My walk to work
My walk to work


Cassie believes that the search for creative solutions in sustainable development is crucial to problem solving. Her focus on India was solidified when she was accepted into the Hindi Language program as part of the Ohio Foreign Language Academy. During her undergraduate studies at Seton Hall University, she focused on Economics and South Asia both through coursework and as a student with the School of International Training in Jaipur, Rajasthan. While studying with SIT she completed an independent study project in Raithal Village, Uttarakhand on the impact of climate change on cash crops and traditional community livelihoods. Currently, she is a Network Associate with Generation Enterprise, an international non-profit based in Lagos, Nigeria and Delhi, India dedicated to assisting marginalized youth receive the business skill training and confidence they need to start sustainable, high-growth potential businesses. Cassie's passion for social innovation and food security is driven by the fundamental power of good food to nourish the individual, build community, and bring us all to the same table.

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13 thoughts on “Student, Fellow, Daughter…Farmer?

  1. Beautifully written Cassie and thought provoking.. And also I am tad bit jealous of your ‘walk to work’.. All the best in every role that defines you 🙂

  2. Cassie
    The future of India depends upon women identifying themselves as they please and men not thinking of ways to delay it. As far as identity is concerned I hope we all are students of something or other throughout our lives . Without learning there is actually no life.
    Thanks for making us think.
    Most people will trade their walk for yours.

  3. Beautiful! I’m so excited to follow your experience this year, we will talk soon to compare notes. It sounds like you’re going to be doing some really great work and I can’t wait to see how it goes! Love you

  4. Great post Cassie. This reminds me the conversation we had over dinner regarding women in India.
    Looking forward to read more such posts.
    All the best!

  5. Cassie, obviously I have no idea how the Hindi language works, nor the culture where you are. Yet even before you got to the end of your post, my first thought was, “the language has to change to reflect that women are farmers too.” As a woman who began seminary in 1979, I quickly learned that the language we chose to use was critical. If you said “clergyman,” that’s exactly what you saw — a man. It is easy to ignore the power of language, but it does shape how we see both ourselves and others. You are certainly on your way! I’m eager to hear more, Cass!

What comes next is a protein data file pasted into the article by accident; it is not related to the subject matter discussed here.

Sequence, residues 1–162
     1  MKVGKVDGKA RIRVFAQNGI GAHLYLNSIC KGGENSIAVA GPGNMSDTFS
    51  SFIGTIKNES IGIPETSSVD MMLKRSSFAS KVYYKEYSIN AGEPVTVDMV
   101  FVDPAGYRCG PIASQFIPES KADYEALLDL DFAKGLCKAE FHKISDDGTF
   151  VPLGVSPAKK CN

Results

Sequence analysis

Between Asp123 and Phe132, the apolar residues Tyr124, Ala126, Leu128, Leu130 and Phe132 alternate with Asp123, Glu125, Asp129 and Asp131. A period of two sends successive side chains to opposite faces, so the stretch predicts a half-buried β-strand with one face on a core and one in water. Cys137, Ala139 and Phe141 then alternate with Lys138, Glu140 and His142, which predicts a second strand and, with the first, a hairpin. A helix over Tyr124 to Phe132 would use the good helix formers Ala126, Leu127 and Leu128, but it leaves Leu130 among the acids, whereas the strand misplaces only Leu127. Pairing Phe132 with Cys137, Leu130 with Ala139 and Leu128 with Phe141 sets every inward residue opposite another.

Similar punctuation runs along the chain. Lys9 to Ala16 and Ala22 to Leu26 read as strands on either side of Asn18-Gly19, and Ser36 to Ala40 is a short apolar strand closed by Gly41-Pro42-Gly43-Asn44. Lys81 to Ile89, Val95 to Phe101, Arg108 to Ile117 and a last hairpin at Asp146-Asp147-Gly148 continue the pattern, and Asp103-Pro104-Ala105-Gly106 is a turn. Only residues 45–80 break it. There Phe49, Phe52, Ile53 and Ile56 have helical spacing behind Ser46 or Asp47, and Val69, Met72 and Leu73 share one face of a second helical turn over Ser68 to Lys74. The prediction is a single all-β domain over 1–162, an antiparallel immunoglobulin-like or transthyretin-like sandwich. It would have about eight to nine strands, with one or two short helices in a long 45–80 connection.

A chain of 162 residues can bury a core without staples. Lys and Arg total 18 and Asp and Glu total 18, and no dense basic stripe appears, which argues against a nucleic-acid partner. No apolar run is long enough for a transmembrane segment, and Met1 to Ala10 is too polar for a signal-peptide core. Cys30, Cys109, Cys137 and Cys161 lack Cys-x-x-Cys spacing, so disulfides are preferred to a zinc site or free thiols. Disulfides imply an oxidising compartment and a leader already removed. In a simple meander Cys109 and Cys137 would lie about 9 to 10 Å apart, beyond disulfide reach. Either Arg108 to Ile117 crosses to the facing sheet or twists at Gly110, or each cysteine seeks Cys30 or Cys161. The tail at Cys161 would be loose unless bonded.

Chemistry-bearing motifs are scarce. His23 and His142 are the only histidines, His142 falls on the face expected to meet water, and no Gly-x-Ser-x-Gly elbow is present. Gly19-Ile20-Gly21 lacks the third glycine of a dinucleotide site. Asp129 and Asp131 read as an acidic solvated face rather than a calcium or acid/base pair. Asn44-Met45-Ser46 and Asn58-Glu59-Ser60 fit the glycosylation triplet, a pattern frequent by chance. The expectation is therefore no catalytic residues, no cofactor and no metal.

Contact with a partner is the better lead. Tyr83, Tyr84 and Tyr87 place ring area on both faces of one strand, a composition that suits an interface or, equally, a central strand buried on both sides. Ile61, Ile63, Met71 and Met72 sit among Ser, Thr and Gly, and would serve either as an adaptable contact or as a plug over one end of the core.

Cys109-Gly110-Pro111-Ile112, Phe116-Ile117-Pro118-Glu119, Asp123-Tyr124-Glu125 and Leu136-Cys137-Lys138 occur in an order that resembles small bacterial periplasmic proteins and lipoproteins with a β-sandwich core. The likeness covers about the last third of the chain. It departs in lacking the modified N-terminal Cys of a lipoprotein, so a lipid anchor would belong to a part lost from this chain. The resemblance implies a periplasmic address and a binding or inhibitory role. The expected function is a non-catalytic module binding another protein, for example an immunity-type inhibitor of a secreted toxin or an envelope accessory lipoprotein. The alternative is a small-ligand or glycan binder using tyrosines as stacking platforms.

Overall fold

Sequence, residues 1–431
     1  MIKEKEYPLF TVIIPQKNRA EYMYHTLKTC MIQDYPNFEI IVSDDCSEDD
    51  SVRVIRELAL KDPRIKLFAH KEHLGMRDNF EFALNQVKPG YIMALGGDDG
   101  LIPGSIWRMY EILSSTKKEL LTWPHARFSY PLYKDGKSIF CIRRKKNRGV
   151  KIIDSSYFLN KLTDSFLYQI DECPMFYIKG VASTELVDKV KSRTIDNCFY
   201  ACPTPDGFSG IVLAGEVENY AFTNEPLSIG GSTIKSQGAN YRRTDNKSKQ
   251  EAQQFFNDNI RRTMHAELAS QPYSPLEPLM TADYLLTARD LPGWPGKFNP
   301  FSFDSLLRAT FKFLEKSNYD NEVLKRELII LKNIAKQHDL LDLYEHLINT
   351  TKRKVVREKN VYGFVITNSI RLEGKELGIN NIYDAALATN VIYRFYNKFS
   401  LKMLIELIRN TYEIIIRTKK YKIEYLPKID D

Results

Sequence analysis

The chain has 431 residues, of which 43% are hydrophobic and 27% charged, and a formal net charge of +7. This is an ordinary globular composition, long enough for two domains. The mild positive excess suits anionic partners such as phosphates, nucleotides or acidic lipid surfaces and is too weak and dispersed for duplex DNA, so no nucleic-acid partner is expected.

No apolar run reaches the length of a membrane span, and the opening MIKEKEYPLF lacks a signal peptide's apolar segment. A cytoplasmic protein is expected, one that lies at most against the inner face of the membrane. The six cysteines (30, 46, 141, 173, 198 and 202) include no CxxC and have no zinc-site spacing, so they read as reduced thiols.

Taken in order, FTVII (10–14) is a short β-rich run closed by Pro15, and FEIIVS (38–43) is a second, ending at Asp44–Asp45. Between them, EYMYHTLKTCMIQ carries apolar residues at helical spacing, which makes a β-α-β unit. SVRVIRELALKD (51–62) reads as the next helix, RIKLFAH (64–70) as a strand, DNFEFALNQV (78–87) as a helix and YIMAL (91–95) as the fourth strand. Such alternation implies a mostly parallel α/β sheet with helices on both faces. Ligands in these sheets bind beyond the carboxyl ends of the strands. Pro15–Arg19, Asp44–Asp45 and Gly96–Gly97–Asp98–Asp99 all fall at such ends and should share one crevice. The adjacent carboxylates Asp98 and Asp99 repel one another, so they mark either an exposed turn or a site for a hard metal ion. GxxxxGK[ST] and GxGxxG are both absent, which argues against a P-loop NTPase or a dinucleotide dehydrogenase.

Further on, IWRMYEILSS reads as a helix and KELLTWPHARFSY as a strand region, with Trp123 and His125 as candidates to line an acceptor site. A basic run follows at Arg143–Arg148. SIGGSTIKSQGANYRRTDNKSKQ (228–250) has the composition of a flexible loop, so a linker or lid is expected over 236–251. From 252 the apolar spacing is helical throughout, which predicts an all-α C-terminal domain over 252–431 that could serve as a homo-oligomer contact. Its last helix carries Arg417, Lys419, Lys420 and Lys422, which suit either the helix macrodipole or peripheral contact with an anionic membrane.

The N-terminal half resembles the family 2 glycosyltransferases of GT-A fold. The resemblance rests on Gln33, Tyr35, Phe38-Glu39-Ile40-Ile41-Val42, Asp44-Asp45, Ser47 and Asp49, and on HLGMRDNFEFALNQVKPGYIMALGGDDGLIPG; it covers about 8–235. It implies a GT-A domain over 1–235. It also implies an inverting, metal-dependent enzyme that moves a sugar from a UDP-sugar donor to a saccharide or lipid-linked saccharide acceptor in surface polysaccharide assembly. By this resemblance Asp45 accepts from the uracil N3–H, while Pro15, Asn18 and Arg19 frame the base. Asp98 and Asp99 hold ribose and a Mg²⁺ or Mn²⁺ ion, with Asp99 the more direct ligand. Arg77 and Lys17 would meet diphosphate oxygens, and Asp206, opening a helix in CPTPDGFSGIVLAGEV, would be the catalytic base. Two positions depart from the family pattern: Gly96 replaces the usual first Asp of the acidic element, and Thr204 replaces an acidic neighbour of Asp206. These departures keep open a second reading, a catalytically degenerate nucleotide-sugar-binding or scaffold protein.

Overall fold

6. Hi Cass,
    Yes I would trade for your walk to work for a change! What a great piece, when I started reading I immediately thought we are all students as we never stop learning! I am still not sure what I want to be when I grow up, lol! You are wonderful example for those you are working with! Love you!

  7. That’s a wonderful piece of your blog Cassie…!! I respect what you doing…!! Feels good to know that someone is filling up the voids, which have been left ignored by most of us…
    Let me know if I can be of any help… 🙂

  8. A beautiful piece of writing, Cass. So good to be experiencing your journey even so slightly through your posts. KEEP POSTING! Miss ya. Mom

  9. Beautifully written, Cassie. You are doing important work. So proud of you. Enjoy each day and moment as you embark on The University of Life.

  10. Identity is like Human Skin. You don’t think about it until it cuts or bleeds or when you are defending it. But I think you are spot on when you talk about the use and value of language or words to define how we think or how we ought to think – in such a way that values the role of women and girls in progressive development of a community. Keep writing.

  11. Beautifully written Cassie. Male dominance in the public sphere is something very common in India. Challenging it and bringing in equality for all is indeed a difficult task. Kudos to you and your organisation who have taken such a bold step. Hope to read more.